Use of insulin-like growth factor-binding protein-2 (IGFBP-2), IGFBP-3, and IGF-I for assessing growth hormone status in short children

W. Jackson Smith, Taek Jeong Nam, Louis E. Underwood, Walker H. Busby, Abbie Celnicker, David R. Clemmons

Research output: Contribution to journalArticlepeer-review

152 Scopus citations


Insulin-like growth factor-binding protein-2 and -3 (IGFBP-2 and - 3) are members of a family of proteins that are present in extracellular fluids and bind IGF-I and -II. IGFBP-2 is regulated differently from IGF-I and IGFBP-3 because its serum concentrations are elevated in some adults with GH deficiency (GHD), whereas IGF-I and IGFBP-3 concentrations are usually decreased. The purposes of this study were to define the normal range of IGFBP-2 concentrations in children, to determine its efficacy in the diagnosis of GHD, and to compare the diagnostic value of measurements of the serum GH response to provocative testing with results of measurements of IGFBP-2, IGFBP-3, and IGF-I Mean serum IGFBP-2 concentrations ranged from 263 ± 101 ng/mL (mean ± SD) during infancy to 136 ± 38 ng/mL in normal 15- to 18-yr-olds (P < 0.001), whereas IGFBP-3 increased from 1211 ± 384 to 2781 ±382 ng/mL in the same age groups. Thirty-nine of 49 children with GHD and low IGF-I values (serum GH response, ≤1 ng/ mL after 2 provocative tests) had serum IGFBP-2 concentrations that were greater than 2 SD above their corresponding age-adjusted means. In contrast all 49 of these children had IGFBP-3 values that were below normal for age. Because serum IGFBP-2 concentrations are regulated by GH directly and not through IGF-I, the IGFBP-2 to IGF-I ratio was used to determine whether it improved diagnostic accuracy. Fifty of 57 GH-deficient children had IGFBP-2/IGF-I ratios that were greater than 2 SD above the mean. This included 48 of 49 children with low IGF-I and 2 of 8 children with normal IGF-I. Fifty-three of the 57 children with GHD had decreased IGFBP-3 values. Among 23 children with idiopathic short stature (ISS) who had normal responses to GH stimulation testing (serum GH, >10 ng/mL), 7 had low IGF-I values. Of the 7, all had an increased IGFBP-2/IGF-I ratio and a low IGFBP-3 level. Of the remaining 16 children with normal IGF-I, 13 had a normal IGFBP-2/IGF-I ratio and normal IGFBP-3 values. Three had low IGFBP-3 and an increased IGFBP-2/ IGF-I ratio In 76% of the 80 short-statured patients studied, there was concordance among serum GH responses to provocative tests, IGF-I, IGFBP-2/IGF-I ratio, and IGFBP-3. Of the remaining 19 patients, 11 had concordance among the values of IGF-I, IGFBP-2/IGF-I ratios, and IGFBP-3 but these results were discordant with the serum GH response. We propose that the GH test results in these 11 patients fail to provide an accurate assessment of the status of GH secretion or action. We conclude that there is no completely reliable test for diagnosing or excluding GH deficiency in all short children. When used alone none of the tests we have assessed has superior diagnostic specificity or sensitivity. Measurement of GH-responsive peptides, such as IGF-I, IGFBP-2, and IGFBP-3, can add insights even when the results do not agree with the GH responses to provocative stimuli. Interpretation of the tests together improves the reliability of diagnostic assessment.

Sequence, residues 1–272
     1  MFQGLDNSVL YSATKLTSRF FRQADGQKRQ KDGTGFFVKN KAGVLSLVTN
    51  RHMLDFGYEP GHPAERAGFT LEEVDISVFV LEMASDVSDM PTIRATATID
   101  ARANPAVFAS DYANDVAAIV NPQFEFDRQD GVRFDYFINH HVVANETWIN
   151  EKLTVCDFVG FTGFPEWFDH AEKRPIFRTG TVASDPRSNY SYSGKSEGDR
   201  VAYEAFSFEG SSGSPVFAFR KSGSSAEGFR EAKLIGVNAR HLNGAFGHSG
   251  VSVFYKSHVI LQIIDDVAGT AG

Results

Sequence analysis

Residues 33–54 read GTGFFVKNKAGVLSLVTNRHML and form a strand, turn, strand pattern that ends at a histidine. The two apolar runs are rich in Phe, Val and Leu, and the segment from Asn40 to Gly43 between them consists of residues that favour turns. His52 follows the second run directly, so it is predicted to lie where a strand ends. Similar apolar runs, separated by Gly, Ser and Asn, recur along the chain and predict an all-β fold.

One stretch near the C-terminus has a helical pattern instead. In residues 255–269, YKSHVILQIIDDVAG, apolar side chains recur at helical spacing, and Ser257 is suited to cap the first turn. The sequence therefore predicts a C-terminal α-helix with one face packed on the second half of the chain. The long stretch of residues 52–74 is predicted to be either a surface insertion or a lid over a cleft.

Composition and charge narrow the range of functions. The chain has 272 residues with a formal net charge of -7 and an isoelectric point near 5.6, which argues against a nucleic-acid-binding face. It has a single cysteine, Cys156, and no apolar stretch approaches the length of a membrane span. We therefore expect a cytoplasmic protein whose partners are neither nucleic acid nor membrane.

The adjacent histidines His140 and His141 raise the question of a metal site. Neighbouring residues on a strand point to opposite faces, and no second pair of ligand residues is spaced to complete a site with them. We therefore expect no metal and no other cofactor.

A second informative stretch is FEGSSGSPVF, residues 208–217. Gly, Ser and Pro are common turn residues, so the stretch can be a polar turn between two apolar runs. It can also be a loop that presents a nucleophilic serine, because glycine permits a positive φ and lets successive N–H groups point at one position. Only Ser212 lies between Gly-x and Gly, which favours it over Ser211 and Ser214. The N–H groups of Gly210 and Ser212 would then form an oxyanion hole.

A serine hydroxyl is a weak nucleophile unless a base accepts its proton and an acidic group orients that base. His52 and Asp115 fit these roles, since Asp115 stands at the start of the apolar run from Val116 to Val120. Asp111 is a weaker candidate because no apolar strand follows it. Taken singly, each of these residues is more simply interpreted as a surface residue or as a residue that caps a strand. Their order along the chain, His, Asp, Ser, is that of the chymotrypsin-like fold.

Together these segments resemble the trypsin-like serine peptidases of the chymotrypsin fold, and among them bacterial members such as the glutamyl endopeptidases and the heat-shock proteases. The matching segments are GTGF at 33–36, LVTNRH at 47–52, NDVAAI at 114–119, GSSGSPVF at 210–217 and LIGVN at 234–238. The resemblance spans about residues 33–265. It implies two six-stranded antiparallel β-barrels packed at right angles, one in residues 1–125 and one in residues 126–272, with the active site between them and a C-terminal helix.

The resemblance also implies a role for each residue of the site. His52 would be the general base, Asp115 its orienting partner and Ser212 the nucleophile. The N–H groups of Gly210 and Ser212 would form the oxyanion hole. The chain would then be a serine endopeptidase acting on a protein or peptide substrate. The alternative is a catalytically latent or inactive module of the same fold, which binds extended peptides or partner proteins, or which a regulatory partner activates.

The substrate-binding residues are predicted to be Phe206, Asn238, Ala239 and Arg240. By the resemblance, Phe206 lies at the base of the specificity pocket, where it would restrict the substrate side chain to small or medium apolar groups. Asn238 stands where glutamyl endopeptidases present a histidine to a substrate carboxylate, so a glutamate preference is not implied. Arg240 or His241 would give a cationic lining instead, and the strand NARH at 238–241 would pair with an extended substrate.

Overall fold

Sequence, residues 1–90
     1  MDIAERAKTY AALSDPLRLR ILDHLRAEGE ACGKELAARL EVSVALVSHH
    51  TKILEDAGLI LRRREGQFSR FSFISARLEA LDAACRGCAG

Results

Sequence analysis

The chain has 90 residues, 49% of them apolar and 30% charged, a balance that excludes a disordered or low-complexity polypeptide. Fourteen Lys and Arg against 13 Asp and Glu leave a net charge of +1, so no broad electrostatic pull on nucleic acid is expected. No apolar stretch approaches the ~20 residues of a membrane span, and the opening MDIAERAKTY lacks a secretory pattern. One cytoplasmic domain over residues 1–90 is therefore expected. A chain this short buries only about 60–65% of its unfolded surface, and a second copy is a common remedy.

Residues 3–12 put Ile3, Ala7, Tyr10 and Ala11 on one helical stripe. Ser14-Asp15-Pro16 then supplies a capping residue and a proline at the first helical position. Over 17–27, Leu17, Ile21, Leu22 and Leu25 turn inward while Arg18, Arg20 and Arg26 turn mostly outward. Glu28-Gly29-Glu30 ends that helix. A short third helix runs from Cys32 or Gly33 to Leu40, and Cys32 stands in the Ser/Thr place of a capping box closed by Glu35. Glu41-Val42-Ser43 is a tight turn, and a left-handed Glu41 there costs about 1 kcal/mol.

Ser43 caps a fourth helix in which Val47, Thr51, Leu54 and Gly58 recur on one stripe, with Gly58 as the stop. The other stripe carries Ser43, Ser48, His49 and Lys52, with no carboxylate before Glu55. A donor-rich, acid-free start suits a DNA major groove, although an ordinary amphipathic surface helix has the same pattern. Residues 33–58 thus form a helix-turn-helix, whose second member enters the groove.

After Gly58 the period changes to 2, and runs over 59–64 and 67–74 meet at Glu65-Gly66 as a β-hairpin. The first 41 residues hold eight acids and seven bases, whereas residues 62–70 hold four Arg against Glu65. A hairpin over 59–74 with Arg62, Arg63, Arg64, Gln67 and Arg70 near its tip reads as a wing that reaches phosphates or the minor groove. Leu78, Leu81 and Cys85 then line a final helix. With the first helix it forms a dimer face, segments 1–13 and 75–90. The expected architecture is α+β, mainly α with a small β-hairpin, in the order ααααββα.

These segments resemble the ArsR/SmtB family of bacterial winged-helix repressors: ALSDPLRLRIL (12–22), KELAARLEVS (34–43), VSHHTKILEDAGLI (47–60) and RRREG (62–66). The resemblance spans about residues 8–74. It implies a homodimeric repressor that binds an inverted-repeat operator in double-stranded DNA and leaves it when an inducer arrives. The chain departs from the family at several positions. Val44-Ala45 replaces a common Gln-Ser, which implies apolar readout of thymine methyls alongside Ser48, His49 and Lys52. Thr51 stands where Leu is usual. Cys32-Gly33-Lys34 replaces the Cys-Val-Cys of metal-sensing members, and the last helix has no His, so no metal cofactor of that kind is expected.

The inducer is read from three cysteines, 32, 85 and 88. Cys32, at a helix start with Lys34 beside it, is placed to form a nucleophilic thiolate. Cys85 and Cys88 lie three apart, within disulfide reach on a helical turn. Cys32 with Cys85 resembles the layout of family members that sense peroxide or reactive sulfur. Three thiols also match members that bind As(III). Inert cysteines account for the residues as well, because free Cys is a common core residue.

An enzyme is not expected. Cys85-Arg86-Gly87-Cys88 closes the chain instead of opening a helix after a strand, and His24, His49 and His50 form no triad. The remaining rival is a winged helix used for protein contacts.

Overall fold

Original languageEnglish
Pages (from-to)1294-1299
Number of pages6
JournalJournal of Clinical Endocrinology and Metabolism
Issue number5
StatePublished - Nov 1993

ASJC Scopus subject areas

  • Endocrinology, Diabetes and Metabolism
  • Biochemistry
  • Endocrinology
  • Clinical Biochemistry
  • Biochemistry, medical


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